Experts estimate that in the American workforce as a whole, workers will need 70 to 90 percent of their pre-retirement income to maintain their current standard of living when they stop working. Lower income earners may need more than 90 percent. Among these workers 25-64 years of age, a little more than half are participants in an employer-sponsored retirement plan.
Choose a Retirement Plan
The most basic retirement plan is an Individual Retirement Arrangement (IRA). Private-sector employers (for-profit and not-for-profit) and government employers can offer savings plans that use IRAs to hold savings contributions.
IRA-based plans include Payroll Deduction IRAs, Simplified Employee Pension plans (SEPs), and Savings Incentive Match Plan for Employees of Small Employers (SIMPLE IRA plans). In these plans, and also with 401(k), 403(b) and 457(b) plans, the ultimate retirement benefits depend on the dollar amount accumulated in the employee’s account.
A defined benefit plan promises a specific benefit at retirement — $1,000 a month, for example. The amount of this benefit is often based on a set percentage of pay multiplied by the number of years the employee worked for the employer offering the plan.
Advantages of Having a Retirement Plan
By starting a retirement savings plan, you will help your employees save for the future, and you will help secure your own retirement. Retirement plans may also help you attract and retain better qualified employees.
Tax law changes and tax advantages, as follows, have made it more appealing than ever to establish and contribute to a retirement plan.
· Higher contribution limits so that employees and employers can contribute larger amounts to retirement plans.
· Catch-up rules that allow employees age 50 and over to set aside additional amounts.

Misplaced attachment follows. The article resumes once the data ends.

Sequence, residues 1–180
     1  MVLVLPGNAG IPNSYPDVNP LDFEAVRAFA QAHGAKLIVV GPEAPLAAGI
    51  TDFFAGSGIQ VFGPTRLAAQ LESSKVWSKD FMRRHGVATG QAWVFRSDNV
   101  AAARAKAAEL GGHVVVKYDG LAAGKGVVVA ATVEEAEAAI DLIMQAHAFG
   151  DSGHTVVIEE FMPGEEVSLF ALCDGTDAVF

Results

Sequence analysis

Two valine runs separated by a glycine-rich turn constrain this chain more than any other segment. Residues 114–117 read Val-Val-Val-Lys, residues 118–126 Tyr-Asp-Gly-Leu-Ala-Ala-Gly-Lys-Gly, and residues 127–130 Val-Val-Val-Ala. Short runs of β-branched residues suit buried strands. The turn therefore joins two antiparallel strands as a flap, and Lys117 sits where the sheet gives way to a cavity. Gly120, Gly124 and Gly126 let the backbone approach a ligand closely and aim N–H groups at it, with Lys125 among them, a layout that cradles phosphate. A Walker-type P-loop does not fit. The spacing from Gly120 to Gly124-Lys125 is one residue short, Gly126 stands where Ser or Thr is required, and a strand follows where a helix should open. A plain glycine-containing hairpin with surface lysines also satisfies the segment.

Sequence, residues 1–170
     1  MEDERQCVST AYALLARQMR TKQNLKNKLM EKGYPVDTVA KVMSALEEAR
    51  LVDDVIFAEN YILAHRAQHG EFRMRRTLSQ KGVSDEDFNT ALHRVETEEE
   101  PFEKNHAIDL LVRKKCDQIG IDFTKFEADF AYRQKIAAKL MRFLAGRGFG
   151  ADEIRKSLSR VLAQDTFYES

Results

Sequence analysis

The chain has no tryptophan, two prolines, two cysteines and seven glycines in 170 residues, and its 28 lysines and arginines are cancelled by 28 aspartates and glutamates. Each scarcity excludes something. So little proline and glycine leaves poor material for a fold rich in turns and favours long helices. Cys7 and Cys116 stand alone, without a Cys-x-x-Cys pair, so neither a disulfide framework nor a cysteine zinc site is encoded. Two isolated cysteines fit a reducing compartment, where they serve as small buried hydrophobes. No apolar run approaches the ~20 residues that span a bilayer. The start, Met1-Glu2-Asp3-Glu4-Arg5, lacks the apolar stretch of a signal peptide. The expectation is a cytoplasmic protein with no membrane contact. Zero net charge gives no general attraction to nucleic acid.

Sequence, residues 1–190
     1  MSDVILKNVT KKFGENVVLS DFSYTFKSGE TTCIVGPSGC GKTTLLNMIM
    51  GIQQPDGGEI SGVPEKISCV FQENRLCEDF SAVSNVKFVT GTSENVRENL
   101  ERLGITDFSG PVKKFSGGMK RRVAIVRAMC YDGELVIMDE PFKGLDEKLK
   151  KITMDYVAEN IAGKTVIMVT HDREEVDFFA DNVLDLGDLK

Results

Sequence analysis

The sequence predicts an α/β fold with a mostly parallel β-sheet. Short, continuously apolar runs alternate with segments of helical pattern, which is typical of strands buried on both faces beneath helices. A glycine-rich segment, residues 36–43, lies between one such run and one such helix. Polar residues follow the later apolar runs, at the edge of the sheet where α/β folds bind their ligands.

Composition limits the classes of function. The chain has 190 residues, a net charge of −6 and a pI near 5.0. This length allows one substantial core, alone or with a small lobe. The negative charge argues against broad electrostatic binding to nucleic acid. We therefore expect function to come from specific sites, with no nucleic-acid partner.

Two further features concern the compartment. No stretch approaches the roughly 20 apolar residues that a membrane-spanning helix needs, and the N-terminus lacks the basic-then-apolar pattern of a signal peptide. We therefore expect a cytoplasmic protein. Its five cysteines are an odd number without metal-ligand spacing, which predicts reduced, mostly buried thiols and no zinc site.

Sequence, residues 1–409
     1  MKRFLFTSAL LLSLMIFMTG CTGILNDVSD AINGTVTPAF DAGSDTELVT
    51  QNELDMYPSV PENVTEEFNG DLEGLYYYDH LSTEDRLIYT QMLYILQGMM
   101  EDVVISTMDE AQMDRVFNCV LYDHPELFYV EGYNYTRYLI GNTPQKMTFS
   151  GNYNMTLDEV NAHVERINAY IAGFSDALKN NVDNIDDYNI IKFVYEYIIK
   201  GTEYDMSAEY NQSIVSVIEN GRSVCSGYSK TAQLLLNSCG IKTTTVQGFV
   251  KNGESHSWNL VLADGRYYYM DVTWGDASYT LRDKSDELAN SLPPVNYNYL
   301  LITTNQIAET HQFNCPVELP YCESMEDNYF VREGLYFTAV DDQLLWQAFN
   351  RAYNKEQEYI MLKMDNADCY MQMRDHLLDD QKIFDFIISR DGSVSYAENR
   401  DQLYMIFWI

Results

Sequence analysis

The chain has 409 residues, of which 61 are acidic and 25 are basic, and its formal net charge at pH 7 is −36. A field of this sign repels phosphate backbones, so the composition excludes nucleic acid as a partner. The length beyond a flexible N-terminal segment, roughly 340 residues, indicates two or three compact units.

· Increased portability of retirement money.
· In some plans, employees can invest a certain amount of their income before it is taxed.
· A tax credit is available for eligible contributions to a retirement plan, known as the Retirement Savings Contributions Credit. This credit could reduce federal income tax up to 50 cents on the dollar.
· Money in the retirement program grows tax-free.
Retirement Plan Correction Programs
The IRS has programs structured to provide financial incentives for finding and correcting mistakes earlier rather than later. In fact, many mistakes can be corrected easily, without penalty and without notifying the IRS.
The IRS system of retirement plan correction programs, the Employee Plans Compliance Resolution System (EPCRS), helps business owners protect participant benefits and keep their plans within the law. EPCRS includes:
Self-Correction Program (SCP) — Find and correct a mistake before an audit.
Voluntary Correction Program (VCP) — Correct your plan’s mistakes with help from the IRS.
Audit Closing Agreement Program (Audit CAP) — If the IRS audits your plan and finds an error, you can still correct the problem. However the fee will be larger than if you had found and fixed the error yourself.